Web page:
Can cervical spinal stenosis with myelopathy that is bad enough to require surgery because of so much narrowing of spinal canal cause a delay in urination and problems ejaculating? I don't have ED but usually can't "finish" sometimes I can with aggressive
Yes: These are classic symptoms of cervical cord compromise. They are some of the earliest symptoms. ...Read more
Oshould Narcotics be given for lumbosacral spondylosis without myelopathy n do u need surgery for it?
Lumbosacral spondylosis without myelopathy is a general diagnosis that covers a lot of different kinds and severity of complaints ranging from mild low back pain to severe back and leg pain with neurologic abnormalities like weakness, numbness and tingling.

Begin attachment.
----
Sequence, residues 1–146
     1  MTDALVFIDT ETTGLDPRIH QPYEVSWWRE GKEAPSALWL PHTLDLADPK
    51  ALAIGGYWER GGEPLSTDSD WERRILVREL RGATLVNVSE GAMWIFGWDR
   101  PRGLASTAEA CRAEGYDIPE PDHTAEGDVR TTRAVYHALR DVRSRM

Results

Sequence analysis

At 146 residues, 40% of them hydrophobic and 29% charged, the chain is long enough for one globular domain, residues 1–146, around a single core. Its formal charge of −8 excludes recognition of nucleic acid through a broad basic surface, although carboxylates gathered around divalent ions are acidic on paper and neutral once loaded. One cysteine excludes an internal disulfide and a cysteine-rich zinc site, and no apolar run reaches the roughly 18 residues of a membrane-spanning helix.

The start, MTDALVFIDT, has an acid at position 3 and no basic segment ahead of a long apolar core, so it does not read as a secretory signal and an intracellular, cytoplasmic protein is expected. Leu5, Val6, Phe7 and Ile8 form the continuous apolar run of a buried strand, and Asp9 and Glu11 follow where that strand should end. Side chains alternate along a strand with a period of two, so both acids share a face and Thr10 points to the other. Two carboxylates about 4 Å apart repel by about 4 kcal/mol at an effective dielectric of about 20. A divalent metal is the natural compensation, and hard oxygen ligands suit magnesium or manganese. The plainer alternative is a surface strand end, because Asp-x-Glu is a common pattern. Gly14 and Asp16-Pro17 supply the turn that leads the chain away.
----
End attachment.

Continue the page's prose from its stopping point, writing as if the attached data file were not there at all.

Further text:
Severe symptoms may sometimes be treated with narcotics or sometimes even with surgery, depending on the history, physical exam, and tests. ...Read more
Spinal cord pinching: Myelopathy means abnormality of spinal cord, and cervical spondylosis implies progressive deterioration of the neck vertebrae. Therefore, body changes eventually compress the cord in the neck. Mri films can demonstrate the compression. Treatment may require surgical decompression. ...Read more
F/u question, I'm a competative equestrian rider & Skier, with severe cervical stenosis& myelopathy. How much risk am I putting myself in to continue?
X-games: Good Lord, Roger! Horse riding and skiing, why not do some sky diving along with that. Okay, no joke, you've chosen some really risky sports already and you have bone disease on top of that. I can't give you a number or percentage of your risk but I can truthfully tell you that you're not doing anything to help yourself. Try a low impact sport like swimming or biking. Good luck :) ...Read more